Jay told us in our last meeting that it would cost $2,000 to set up a new website. Brooke said it was true if we were starting from scratch, but there is another option. I told her to go ahead and write a proposal for the family to discuss at our meeting today. This is her proposal.
“Saturday April 8, 2017
I am Carol Merrell’s daughter, Brooke Banta. I’ve been working with Blogger and WordPress for 8 years with my own business Leelou Blogs I do not build websites from scratch but customize coding and themes within the WordPress and Blogger Frameworks. Both Blogger and WordPress are very user friendly and will allow for multiple authors to post on the site. Making it easier for the Rampton Family organization to delegate updating the site including the minutes, calendars, and genealogy information. With the full website built from scratch, it’s difficult to teach others how to use it as well as trusting that they won’t modify anything they shouldn’t be. WordPress and Blogger have built in limitations for users so that they cannot modify the website functionality or design.
From what my mother and I discussed about the website, I do not recommend using Blogger for a family website. It is built as a blog which is an online journal. While modifications can be made to make it act more like a website, it has limited options for integrations for calendars and other multimedia. It is a free option, but Blogger will limit the things that a website can be used for. It is only as secure as your google account.
I would recommend using a self-hosted WordPress site. The security for it is a lot better than Blogger. WordPress has a lot more options for communication, Search Engine Optimization (SEO), and a multitude of Plugins that can be used easily to create photo albums, calendars, family trees, etc. It is also VERY user friendly in comparison to built-from-scratch websites. So, WordPress does require Self hosting which costs $3.95 per month or $47.40 per year. As well as the domain purchase of $15 a year.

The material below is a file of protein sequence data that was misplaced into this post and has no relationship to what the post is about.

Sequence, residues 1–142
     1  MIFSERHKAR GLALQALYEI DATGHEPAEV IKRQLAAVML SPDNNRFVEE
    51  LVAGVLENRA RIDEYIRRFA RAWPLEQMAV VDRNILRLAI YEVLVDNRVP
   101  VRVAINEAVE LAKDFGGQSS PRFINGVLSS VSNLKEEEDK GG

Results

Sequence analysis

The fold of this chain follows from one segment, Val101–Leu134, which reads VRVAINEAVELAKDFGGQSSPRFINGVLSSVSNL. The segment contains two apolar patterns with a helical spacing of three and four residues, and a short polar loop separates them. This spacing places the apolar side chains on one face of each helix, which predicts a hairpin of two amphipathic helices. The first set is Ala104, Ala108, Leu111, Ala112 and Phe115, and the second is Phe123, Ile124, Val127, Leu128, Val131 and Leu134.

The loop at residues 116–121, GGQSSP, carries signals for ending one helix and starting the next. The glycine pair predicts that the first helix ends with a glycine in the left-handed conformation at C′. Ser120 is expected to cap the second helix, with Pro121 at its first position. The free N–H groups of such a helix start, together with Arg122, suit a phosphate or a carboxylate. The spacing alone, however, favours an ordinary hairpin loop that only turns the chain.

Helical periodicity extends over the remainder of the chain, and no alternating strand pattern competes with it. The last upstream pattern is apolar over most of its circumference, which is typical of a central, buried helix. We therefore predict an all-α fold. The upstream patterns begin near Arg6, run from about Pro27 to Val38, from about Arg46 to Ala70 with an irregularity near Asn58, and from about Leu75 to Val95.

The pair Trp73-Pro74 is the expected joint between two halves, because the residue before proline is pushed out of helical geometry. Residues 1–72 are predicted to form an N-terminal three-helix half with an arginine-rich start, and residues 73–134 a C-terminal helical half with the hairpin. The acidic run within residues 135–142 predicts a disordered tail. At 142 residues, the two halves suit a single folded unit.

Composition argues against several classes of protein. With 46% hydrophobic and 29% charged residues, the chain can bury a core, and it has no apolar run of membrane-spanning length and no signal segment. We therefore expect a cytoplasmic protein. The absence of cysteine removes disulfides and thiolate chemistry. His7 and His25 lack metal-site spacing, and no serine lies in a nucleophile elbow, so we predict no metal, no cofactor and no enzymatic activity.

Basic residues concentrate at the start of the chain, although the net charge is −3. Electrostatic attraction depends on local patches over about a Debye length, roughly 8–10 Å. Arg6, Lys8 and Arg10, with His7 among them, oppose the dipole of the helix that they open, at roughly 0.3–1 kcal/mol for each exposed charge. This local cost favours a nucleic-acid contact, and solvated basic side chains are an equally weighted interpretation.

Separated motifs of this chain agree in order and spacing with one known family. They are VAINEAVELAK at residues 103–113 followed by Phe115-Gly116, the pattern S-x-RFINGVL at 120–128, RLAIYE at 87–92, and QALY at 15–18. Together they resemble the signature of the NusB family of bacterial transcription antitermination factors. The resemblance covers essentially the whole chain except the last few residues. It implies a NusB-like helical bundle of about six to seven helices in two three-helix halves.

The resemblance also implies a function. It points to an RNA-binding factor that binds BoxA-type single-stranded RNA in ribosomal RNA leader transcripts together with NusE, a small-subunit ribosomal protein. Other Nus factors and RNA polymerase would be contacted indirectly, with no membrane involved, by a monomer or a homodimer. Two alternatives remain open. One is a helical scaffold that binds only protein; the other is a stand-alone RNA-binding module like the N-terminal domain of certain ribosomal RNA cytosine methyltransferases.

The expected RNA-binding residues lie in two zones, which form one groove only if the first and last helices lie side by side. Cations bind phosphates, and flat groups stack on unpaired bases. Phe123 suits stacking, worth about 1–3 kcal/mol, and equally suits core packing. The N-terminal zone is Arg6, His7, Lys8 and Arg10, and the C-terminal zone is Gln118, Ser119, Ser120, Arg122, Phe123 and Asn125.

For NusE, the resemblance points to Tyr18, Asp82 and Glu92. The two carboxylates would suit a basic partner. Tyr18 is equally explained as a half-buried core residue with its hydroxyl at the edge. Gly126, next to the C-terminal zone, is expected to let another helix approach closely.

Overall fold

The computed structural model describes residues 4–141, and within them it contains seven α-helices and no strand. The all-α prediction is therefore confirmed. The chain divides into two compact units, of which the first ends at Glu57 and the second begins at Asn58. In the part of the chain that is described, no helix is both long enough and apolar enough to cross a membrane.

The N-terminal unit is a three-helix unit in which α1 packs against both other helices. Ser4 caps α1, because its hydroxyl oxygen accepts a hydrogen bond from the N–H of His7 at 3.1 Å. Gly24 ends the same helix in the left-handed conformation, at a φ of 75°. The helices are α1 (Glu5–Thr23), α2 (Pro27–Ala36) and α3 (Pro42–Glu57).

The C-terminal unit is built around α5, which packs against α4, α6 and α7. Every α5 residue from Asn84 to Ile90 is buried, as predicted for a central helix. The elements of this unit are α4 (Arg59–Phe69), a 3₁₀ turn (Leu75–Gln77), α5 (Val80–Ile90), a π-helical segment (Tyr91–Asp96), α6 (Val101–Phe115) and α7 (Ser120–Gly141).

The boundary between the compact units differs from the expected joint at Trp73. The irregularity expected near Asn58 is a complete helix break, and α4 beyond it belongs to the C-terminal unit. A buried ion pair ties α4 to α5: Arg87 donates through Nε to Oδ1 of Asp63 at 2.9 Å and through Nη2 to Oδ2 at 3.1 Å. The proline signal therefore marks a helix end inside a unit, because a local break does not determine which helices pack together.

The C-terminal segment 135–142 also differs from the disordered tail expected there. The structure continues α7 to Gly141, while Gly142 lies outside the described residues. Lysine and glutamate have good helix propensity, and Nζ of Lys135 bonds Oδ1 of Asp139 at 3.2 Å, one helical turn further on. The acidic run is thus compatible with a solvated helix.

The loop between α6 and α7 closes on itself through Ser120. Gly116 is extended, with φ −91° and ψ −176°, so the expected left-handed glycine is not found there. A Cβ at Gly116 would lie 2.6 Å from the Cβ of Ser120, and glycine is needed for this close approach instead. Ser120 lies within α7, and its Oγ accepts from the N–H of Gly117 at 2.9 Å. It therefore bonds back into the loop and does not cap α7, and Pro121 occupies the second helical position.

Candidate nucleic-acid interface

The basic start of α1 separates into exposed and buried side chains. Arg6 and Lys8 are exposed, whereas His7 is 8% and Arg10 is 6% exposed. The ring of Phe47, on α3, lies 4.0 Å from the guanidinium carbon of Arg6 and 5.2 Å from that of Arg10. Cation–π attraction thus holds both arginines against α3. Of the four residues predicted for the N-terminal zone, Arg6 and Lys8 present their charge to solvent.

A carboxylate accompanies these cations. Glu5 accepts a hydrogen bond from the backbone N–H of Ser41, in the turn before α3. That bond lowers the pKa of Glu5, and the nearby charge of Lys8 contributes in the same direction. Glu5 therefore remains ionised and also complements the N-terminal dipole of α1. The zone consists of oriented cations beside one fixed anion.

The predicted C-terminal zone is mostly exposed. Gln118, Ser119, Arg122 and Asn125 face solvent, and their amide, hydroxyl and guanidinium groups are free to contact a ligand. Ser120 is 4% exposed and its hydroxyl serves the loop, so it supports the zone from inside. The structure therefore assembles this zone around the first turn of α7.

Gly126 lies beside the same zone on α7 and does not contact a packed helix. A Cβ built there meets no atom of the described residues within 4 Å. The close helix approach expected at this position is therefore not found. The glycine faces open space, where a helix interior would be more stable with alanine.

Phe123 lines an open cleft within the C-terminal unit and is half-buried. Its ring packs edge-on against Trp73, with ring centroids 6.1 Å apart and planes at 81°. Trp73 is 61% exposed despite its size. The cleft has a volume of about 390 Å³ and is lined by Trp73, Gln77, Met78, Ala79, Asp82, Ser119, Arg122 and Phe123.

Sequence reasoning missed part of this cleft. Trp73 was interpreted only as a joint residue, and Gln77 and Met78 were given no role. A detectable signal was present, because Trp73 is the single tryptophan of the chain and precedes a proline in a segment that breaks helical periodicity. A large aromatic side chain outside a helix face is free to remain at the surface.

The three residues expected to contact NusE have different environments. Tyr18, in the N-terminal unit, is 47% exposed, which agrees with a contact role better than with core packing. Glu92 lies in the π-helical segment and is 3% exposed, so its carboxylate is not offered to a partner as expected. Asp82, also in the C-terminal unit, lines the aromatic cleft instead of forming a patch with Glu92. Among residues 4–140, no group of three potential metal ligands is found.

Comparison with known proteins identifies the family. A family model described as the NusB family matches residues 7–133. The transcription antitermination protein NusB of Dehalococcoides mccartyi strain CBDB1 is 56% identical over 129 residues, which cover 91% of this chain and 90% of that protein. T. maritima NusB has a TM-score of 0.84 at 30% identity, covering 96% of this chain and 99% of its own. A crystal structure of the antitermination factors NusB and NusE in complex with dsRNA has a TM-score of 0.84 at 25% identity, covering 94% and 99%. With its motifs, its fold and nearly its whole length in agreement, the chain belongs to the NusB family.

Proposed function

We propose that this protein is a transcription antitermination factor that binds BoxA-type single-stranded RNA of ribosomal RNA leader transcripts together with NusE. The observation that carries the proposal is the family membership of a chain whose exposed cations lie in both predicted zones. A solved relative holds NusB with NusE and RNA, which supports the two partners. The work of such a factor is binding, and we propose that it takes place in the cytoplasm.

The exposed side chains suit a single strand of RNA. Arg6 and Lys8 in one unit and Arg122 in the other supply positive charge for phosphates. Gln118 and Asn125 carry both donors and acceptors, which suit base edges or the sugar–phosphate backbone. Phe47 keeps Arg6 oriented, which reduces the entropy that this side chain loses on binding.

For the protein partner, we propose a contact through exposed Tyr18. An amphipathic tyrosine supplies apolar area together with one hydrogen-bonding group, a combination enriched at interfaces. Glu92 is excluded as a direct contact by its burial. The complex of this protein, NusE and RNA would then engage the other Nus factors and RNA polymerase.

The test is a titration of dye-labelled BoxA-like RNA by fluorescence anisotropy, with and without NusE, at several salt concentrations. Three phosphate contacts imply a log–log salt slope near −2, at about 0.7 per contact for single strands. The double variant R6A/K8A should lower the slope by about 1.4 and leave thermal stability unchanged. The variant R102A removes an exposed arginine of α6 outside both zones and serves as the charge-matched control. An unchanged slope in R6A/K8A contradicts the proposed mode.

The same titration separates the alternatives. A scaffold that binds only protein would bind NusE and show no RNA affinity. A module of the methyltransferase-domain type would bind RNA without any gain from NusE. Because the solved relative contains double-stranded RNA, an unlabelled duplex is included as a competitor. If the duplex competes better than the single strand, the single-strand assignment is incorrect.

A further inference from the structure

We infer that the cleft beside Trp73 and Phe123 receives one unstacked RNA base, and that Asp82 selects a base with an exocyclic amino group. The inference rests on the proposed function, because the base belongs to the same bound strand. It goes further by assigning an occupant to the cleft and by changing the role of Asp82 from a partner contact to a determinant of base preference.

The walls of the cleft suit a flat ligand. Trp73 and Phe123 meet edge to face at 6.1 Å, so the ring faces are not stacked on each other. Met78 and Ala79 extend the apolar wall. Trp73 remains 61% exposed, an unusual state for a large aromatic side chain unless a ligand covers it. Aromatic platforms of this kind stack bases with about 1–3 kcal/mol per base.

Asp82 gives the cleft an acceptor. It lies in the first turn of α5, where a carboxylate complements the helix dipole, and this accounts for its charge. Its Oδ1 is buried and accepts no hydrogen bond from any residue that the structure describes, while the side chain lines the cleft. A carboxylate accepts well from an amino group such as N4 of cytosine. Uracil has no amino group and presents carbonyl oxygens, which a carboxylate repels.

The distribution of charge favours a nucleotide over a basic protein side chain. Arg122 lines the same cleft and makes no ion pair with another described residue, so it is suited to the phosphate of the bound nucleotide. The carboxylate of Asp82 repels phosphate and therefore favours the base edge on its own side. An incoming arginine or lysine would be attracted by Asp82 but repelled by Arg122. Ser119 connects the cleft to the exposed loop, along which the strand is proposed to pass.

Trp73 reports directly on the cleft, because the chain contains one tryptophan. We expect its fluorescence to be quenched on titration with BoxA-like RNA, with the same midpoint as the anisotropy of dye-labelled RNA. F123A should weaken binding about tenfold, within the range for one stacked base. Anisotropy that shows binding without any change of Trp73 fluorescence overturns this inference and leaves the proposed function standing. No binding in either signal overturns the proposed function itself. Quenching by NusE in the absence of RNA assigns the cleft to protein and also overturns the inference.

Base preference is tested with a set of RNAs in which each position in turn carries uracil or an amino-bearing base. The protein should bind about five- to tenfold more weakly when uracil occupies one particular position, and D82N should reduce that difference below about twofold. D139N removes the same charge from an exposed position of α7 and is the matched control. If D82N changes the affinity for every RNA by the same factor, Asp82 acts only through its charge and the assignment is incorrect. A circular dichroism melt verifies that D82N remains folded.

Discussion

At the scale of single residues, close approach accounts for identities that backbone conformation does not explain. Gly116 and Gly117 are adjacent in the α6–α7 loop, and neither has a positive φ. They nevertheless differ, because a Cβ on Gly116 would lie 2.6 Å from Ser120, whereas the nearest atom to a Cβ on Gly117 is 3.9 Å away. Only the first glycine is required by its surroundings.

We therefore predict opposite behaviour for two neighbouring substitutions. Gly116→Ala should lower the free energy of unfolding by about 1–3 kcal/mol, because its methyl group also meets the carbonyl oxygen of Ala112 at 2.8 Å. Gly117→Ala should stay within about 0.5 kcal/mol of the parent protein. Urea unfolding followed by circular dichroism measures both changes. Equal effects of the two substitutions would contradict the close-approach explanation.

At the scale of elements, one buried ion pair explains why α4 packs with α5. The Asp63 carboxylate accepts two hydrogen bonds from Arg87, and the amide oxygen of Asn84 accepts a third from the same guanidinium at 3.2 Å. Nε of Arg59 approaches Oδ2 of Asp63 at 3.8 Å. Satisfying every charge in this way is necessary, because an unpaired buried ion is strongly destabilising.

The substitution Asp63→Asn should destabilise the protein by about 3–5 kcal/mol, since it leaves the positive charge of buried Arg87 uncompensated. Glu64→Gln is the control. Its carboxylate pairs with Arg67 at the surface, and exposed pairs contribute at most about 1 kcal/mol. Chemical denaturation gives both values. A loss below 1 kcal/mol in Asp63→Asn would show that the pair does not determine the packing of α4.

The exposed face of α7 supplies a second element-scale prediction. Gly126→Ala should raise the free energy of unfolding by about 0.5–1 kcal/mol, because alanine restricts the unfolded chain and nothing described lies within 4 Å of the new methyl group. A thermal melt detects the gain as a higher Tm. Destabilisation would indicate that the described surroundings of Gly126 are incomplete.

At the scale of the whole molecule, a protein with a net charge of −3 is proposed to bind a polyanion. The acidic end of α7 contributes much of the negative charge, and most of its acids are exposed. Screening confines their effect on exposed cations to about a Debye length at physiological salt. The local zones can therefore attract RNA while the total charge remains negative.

In looking over the things that would need to be coded and customized, I can design the website for $600 whether its Blogger or WordPress. I can help my Mom build up the information that you would like on the site. I typically charge extra for site maintenance and for helping post information, but would be more than happy to help do it for free. I can help keep the site running smoothly, answer questions, and help everyone get the training they need to use it.
Between the hosting ($47.40), domain ($15), and website design ($600) the initial cost would be $662.40. Then the cost would be around $63 dollars a year for hosting services.
Please let me know if you have any questions.
Rampton Family History Report
20 March 2016
Written by Carol V. Merrell
Goals for March 2016
- I have completed the goal to upload copies of our HRFA collection of Hampshire, England records associated with our Rampton ancestors as well as all other direct line ancestors to Family Tree. (I was given permission to publish these Hampshire Parish Records of our ancestors on Family Tree by David Rymill, Archivist. He stated, “If this is just a few pages that mention your ancestors (as opposed to significant proportions of whole registers) we wouldn’t have any problem with this. A credit to Hampshire Record Office would be appreciated.” I have complied with this request.
- To continue support of the Henry Rampton Book through editing.
- To create a documented Rampton Family Tree on Ancestry.com. This will allow others with matching DNA to find our common ancestors.
- My Ancestry family tree is “Henry Rampton Family Tree” and is open to public view. You can find it at: